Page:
If the church really does not have the money, there may be other ways to augment your income.
- Moonlighting—A church that knows you qualify for food stamps is often willing to let your make money on the side. A number of years ago I started teaching classes, first at the local technical school and then at a nearby university. It didn’t pay a lot, but it was better than flipping burgers—and I gained a lot of exposure and confidence. My friend Rob Crawford has supplemented his youth ministry income by coaching high school baseball. The extra thousand dollars can help an annual budget quite a bit.
- Bonuses—Many companies are scaling back on salaries and putting money into bonus pools to be paid if the organization performs well. A few years back my senior pastor asked the church board to pay the staff a healthy bonus if certain goals were met. The gist of it was that if the church grew and came in under budget, each staff member could receive up to $2,000 extra at the end of the year. The program was not without its critics, but it worked. Each year it was offered, the staff received close to the full bonus.
- Support raising—As my college ministry grew, it became obvious that any additional salary increases we needed would have to come from outside sources. Today there are eight people on the college ministry’s full-time staff, yet only one is paid by the church. The other seven raise support in the same way a missionary does.
- Fundraisers—College pastor James Penner recently brought Tony Campolo into Lethbridge, Alberta, to speak at a fundraising dinner. Between ticket sales and an offering. Penner was able to raise enough money to pay for a second person on his staff team. A Christian ministry in my hometown is raising money for one person through a benefit concert, sponsoring a second through sales of its worship band’s CD, and considering the purchase of an espresso stand to finance a third staff member.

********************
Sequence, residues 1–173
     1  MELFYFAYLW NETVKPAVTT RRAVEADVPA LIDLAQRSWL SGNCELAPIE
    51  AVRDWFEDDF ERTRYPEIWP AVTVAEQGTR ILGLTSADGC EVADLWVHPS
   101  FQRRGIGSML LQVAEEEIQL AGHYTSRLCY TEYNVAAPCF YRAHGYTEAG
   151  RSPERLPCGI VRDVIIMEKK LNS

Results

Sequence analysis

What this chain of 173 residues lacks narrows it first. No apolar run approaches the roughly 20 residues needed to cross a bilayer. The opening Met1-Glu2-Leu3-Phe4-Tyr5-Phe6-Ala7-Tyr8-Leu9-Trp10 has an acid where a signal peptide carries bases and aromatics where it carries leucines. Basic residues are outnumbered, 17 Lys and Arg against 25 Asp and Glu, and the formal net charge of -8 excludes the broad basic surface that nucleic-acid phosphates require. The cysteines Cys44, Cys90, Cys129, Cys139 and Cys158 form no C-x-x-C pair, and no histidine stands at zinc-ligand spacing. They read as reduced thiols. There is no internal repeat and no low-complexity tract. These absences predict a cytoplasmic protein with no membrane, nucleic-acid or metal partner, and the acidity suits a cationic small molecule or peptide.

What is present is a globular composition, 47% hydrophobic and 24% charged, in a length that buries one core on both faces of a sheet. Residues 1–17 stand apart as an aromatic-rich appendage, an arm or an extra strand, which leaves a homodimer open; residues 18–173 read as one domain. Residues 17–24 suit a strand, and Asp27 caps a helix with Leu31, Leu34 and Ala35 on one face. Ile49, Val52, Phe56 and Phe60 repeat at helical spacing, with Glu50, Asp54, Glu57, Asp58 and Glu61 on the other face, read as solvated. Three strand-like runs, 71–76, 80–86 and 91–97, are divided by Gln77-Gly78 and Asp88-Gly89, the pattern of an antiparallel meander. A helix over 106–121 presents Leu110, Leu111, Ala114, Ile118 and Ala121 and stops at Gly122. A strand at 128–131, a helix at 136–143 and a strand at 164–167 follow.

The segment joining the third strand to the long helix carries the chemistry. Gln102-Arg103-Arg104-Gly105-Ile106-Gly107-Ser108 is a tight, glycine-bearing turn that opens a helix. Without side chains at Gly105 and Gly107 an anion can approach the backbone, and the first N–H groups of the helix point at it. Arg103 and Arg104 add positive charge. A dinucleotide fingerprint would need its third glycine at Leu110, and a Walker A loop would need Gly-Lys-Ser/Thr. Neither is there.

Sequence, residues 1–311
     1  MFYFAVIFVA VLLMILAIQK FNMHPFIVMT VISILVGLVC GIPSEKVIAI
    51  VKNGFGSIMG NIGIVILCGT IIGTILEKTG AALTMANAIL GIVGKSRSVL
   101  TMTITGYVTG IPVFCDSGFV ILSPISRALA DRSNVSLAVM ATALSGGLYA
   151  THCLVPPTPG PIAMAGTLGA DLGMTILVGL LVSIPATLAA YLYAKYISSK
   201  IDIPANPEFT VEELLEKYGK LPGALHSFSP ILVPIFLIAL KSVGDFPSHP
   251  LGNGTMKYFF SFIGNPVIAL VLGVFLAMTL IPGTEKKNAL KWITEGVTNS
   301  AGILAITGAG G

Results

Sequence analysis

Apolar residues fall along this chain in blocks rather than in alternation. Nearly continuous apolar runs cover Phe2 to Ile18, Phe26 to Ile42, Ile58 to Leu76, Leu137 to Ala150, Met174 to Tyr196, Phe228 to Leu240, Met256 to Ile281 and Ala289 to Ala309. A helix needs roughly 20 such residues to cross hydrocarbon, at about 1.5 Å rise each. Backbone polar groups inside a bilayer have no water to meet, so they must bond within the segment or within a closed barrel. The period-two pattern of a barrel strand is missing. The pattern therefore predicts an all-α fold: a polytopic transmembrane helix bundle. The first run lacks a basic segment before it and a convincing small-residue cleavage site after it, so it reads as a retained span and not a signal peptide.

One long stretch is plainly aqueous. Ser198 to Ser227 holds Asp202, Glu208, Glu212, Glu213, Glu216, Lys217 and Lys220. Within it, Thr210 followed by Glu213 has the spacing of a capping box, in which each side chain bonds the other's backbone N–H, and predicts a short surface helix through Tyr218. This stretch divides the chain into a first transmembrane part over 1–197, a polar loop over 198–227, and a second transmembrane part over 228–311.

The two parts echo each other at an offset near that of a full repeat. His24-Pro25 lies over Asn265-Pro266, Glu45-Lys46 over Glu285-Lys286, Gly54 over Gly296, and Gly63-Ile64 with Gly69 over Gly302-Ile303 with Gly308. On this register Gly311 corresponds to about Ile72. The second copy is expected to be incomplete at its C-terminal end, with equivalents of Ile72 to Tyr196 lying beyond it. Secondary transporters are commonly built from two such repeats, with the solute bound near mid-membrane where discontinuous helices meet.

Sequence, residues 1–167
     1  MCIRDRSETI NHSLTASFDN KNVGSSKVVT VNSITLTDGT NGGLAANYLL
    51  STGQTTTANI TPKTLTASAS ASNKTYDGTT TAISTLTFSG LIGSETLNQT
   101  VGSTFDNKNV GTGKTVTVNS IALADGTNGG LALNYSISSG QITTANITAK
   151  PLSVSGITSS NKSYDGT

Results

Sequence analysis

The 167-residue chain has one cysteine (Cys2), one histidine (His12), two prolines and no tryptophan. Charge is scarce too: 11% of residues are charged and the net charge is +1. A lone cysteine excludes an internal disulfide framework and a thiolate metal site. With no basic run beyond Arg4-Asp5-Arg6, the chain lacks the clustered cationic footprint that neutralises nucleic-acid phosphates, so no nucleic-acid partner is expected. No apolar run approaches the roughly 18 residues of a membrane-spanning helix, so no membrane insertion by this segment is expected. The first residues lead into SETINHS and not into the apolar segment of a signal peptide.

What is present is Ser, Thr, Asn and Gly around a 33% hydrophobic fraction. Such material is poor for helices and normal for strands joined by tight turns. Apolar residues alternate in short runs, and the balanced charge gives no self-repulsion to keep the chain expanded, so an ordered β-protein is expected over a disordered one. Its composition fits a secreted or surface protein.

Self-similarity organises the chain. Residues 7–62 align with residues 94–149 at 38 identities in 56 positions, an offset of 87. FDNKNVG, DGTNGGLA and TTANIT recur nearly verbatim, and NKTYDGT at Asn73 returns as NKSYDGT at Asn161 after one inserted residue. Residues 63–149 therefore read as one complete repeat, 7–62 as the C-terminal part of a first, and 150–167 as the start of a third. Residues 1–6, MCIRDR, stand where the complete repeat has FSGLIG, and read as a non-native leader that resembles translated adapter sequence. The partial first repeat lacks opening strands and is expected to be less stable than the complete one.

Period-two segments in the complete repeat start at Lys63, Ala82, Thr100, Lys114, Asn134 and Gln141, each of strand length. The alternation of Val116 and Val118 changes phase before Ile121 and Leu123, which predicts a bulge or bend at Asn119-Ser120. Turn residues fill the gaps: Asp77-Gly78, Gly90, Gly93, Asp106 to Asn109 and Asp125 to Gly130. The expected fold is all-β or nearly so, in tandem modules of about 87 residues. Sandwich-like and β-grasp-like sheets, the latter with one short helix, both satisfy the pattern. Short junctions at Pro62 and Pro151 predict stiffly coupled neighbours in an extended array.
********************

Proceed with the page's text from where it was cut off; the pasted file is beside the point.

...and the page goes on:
Yet whatever creativity you bring into your quest for a raise, let these words fuel your efforts: “You do not have because you do not ask.”
How Much Are You Worth?
- Education. A college degree is usually the minimum requirement for a youth ministry position. Additional education—an M.Div., M.A., or a doctorate—typically brings a higher salary.
- Experience. The more time you’ve logged on the front lines, the more valuable you are. Some people suggest that each year towards 10 years in the saddle should bring you an extra one to two thousand dollars annually.
- Geography. Cost of living is a factor in your take-home pay. A $30,000 salary in South Dakota might put you on Easy Street, but in Los Angeles, you’d have trouble simply paying the rent.
- Responsibilities. If your job description reads. “Everything the other guy doesn’t want to do,” then your compensation should be adjusted accordingly. Don’t be shy about asking for a raise if the board wants to add significant new duties to your roster. If your ministry grows and you end up adding staff or interns, you also should be compensated accordingly.
Disclaimer: The views and opinions expressed in the YS Blog are those of the authors and do not necessarily reflect the opinion or position of YS.